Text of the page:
Few ideas are worse than asking Congress to intervene in the financial markets. But when I read this morning that the governing body is taking up the question of whether investors deserve to know exactly what they pay to contribute to a 401(k), I applauded.
Not that anyone actually heard me. Our kitchen is empty at 5:30 a.m. And, with the kids still sleeping, all I could afford was a polite golf clap. Still, even a small amount of applause is deserved here.
Roughly 90 million Americans have money in stocks like Tyco International
But many of my friends and family haven't a clue what they pay to remain invested. That's why Financial Times reporter and Eliot Spitzer biographer Brooke Masters, whom I interviewed in October, says that retirement accounts are rife for a Spitzer-sized investigation. Her primary concern? Conflicts of interest.
As Masters said at the time, "Mutual funds would pay brokers so that their mutual fund, their S&P 500 fund, would get recommended. I think there is the same potential [for conflicts] if you can pay a 401(k) plan administrator extra money to make sure that your product gets put on the list. Your one option may turn out to be a high-fee fund because there is some kind of deal going on."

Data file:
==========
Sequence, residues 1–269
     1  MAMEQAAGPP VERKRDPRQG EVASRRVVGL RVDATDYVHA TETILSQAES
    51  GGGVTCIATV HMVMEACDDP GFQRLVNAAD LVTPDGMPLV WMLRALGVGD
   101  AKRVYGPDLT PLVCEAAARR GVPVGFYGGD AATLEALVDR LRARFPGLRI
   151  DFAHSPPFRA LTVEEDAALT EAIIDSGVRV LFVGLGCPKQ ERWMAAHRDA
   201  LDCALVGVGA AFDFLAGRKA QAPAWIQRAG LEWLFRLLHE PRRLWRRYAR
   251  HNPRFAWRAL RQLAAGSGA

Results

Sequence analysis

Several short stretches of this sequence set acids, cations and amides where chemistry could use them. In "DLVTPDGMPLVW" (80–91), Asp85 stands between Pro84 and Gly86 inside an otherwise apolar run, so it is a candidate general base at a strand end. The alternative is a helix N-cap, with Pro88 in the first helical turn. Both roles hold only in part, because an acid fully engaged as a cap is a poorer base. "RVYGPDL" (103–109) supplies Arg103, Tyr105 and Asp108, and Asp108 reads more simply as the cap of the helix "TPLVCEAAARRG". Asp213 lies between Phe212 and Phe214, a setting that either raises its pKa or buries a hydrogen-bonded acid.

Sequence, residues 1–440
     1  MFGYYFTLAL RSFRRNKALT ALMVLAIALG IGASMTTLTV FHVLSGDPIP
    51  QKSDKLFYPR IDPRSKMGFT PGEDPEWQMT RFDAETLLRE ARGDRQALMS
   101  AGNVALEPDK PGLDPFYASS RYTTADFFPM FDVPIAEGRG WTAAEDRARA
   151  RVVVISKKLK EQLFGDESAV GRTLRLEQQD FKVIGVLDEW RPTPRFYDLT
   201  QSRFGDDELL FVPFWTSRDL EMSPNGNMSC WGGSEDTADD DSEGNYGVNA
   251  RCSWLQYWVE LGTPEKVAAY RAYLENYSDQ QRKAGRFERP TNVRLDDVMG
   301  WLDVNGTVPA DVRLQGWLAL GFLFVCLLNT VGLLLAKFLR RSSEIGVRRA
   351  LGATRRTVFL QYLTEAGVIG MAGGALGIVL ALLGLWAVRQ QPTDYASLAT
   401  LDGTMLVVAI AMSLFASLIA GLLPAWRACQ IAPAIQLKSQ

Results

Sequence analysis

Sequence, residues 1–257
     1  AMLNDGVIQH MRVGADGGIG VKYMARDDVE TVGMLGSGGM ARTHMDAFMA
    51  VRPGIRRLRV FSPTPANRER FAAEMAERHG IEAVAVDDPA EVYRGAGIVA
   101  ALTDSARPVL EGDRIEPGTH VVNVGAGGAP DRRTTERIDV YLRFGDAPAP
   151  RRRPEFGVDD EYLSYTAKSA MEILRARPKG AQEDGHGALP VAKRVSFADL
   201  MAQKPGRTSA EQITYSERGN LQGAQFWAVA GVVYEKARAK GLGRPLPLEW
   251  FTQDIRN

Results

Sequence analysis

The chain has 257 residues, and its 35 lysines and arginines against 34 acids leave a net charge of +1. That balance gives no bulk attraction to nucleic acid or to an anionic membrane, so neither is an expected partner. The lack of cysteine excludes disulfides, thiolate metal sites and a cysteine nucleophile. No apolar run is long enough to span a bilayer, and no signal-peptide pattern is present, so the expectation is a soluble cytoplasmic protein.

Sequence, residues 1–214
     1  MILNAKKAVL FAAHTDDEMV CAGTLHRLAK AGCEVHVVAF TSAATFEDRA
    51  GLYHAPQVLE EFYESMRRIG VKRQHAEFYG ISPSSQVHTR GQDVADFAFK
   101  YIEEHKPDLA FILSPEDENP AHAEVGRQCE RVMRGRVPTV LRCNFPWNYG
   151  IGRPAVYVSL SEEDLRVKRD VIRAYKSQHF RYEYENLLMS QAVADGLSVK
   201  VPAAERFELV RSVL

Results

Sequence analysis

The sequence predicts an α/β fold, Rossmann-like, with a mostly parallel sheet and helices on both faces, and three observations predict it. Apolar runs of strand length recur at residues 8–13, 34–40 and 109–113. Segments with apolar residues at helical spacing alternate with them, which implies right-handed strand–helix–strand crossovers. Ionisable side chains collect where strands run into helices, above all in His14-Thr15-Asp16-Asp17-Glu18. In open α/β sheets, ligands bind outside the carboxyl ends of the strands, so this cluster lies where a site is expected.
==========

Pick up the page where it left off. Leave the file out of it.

She may be right. But even if she isn't, investors deserve to have an inventory of charges printed alongside their fee-adjusted total returns vs. the S&P 500. Advisers who provide real value have no reason to be afraid of that.
Have a different take? Let me know.
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Fool contributor Tim Beyers usually reserves a polite golf clap for the golf course. Tim didn't own shares in any of the companies mentioned in this article at the time of publication. Tyco is an Inside Value pick. GlaxoSmithKline is an Income Investor selection. The Motley Fool's disclosure policy just eagled the 10th at Augusta to take a two-shot lead over Wall Street.
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